Another example of the importance of data collection and analysis comes in the form of a recent report from the Institute for Health Metrics and Evaluation (IHME) that suggests 6.9 million people worldwide have died from the disease, more than twice as many people as has been officially reported. The IHME analysis mined data and considered six drivers:
1. the total Covid-19 death rate, that is, all deaths attributed to Covid-19 infection;
2. the increase in mortality due to needed health care being delayed or deferred during the pandemic;
3. the increase in mortality due to increases in mental health disorders including depression, increased alcohol use, and increased opioid use;
4. the reduction in mortality due to decreases in injuries because of general reductions in mobility associated with social distancing mandates;
5. the reductions in mortality due to reduced transmission of other viruses, most notably influenza, respiratory syncytial virus, and measles; and
6. the reductions in mortality due to some chronic conditions, such as cardiovascular disease and chronic respiratory disease, that occur when frail individuals who would have died from these conditions died earlier from Covid-19 instead.
This detailed analysis gives a more accurate assessment of the problems presented by the pandemic, yet despite the obvious need for better data collection and analysis, the C.D.C. announced that it would be cutting back on data collection. This cannot go on. Only with clear, unfiltered, and unbiased data can we hope to mount an effective and efficient response to the problem. This is no time for distortion. We must start with the facts.
There is, however, a path to good news. Absent better, more widely available, and effective therapeutics, we do have a currently available, and underused, tool at our disposal that you have most likely never heard of. It is not in itself a therapeutic, but it is essential for effective and efficient pandemic planning and targeted therapeutic development.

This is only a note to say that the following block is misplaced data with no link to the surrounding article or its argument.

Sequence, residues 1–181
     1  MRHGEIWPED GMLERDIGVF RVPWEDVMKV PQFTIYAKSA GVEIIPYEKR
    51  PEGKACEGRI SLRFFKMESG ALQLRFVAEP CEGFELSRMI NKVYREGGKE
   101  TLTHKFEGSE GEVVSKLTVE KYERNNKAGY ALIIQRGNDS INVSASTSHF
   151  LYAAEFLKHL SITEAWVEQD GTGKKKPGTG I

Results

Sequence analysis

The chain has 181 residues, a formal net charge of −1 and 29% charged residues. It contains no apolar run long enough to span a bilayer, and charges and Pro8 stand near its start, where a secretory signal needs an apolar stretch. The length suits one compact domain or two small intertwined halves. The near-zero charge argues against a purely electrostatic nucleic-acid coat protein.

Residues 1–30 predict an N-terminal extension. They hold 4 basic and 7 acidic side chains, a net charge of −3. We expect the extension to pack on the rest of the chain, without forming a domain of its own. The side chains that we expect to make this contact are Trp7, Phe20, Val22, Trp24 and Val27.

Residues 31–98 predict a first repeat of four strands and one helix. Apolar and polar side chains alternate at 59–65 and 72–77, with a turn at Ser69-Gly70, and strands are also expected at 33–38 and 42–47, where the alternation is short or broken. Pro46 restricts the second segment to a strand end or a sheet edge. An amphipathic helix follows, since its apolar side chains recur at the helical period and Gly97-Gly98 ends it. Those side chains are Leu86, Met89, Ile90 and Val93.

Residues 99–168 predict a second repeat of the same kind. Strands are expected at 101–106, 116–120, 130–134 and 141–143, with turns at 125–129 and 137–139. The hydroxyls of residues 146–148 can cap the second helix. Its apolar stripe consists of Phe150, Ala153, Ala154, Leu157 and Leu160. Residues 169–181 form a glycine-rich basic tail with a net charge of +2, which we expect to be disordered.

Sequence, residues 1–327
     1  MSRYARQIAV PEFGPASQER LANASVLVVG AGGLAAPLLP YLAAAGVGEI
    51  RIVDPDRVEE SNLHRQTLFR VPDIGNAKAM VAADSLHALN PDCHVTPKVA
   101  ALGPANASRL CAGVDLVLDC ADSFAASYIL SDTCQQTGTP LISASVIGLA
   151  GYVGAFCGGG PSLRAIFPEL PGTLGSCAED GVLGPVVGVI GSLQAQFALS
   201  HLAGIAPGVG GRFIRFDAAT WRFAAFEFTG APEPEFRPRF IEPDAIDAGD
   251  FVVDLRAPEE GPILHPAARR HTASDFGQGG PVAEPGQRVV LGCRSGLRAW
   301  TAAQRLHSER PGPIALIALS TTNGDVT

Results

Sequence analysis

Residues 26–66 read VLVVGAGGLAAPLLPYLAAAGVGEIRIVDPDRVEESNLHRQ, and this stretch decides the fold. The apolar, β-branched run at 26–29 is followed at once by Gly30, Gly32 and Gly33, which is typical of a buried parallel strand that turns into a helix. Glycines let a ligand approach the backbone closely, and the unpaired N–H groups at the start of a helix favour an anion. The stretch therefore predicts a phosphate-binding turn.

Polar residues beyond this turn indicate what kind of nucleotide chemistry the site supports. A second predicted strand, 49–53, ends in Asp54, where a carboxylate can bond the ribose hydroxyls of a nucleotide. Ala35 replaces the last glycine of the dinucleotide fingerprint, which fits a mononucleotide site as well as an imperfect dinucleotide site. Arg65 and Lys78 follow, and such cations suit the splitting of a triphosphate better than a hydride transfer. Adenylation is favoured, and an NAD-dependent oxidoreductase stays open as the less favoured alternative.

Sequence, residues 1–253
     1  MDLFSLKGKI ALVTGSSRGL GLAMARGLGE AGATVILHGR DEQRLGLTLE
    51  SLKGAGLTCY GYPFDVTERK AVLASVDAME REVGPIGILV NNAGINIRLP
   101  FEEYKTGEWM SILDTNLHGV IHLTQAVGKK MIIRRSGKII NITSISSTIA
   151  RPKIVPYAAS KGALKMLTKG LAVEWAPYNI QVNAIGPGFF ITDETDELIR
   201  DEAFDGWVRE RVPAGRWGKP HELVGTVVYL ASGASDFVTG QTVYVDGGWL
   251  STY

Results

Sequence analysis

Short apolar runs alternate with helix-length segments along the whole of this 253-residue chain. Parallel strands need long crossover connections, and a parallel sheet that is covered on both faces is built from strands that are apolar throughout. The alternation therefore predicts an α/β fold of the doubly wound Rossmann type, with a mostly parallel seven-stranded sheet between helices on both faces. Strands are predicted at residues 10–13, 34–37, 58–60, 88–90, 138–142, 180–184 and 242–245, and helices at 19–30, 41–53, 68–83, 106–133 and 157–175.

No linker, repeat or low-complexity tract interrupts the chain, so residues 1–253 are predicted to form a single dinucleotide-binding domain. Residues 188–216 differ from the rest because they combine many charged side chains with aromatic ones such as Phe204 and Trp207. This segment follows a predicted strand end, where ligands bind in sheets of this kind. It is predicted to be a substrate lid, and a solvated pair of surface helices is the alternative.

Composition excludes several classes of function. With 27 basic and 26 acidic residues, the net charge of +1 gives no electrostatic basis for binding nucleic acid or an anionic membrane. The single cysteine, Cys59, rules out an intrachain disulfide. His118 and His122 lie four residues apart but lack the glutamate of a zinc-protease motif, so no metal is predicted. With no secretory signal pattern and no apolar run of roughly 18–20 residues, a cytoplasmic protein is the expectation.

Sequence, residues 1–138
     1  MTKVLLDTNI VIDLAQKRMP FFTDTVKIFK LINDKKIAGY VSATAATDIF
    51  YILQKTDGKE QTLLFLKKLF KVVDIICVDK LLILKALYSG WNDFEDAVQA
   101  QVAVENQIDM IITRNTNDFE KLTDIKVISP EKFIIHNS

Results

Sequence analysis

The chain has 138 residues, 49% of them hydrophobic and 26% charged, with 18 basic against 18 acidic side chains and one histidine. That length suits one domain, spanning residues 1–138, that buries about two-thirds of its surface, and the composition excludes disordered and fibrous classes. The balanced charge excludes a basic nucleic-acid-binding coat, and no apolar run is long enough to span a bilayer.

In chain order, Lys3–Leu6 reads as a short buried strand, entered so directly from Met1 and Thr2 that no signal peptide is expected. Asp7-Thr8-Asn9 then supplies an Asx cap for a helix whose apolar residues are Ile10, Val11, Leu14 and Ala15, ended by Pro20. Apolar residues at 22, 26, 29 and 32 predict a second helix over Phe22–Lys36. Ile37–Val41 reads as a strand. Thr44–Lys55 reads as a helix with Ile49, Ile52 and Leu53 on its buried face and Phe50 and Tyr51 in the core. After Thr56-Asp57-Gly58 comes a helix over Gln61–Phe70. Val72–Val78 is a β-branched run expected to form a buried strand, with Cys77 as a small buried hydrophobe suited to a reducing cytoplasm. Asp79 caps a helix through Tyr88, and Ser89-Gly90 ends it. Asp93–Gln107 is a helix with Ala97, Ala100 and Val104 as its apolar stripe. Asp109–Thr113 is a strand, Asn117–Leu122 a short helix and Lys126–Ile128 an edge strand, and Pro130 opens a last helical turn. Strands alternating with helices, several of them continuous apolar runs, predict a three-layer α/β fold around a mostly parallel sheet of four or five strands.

The National COVID Collaborative (N3C) is an electronic health record repository of over 5.6 M+ patients including 1,550,337+ Covid positive patients. This staggering amount of information is held in 6.2 B+ rows of data and provides enough substrate to currently support 173 projects. The projects range from evaluation of anti-thrombotic therapies to the effects of alcohol consumption on Covid-19 outcomes and a host of other studies.
If we need validation of this approach, the business world has recognized and invested in the collection of data for more than a generation. And some hedge funds have made hundreds of billions in the process. The Man Who Solved the Market tells the story of Jim Simons who started Renaissance Technologies and led it to become arguably one of the most, if not the most, successful hedge fund. He achieved this by replacing the emotion, intuition, and insight model with a quantitative, data-driven approach. His team mined mountains of data looking for hidden patterns of market governance. This approach is now recognized as a critical tool for not just investing, but also for innovation, research, and development. I go even further and suggest that this model, if applied to N3C, holds the promise of real solutions to the Covid-19 dilemma. Quantitative analysis offers a path. N3C provides the tools. With this information, we may understand what is going on in the Seychelles, India and of course here in The US. Then, and only then, will we be able to both understand and learn how to deal with Covid-19. If there’s any doubt of this, think of Mark Twain again, because he also said “a forgotten fact is news when it comes around again.”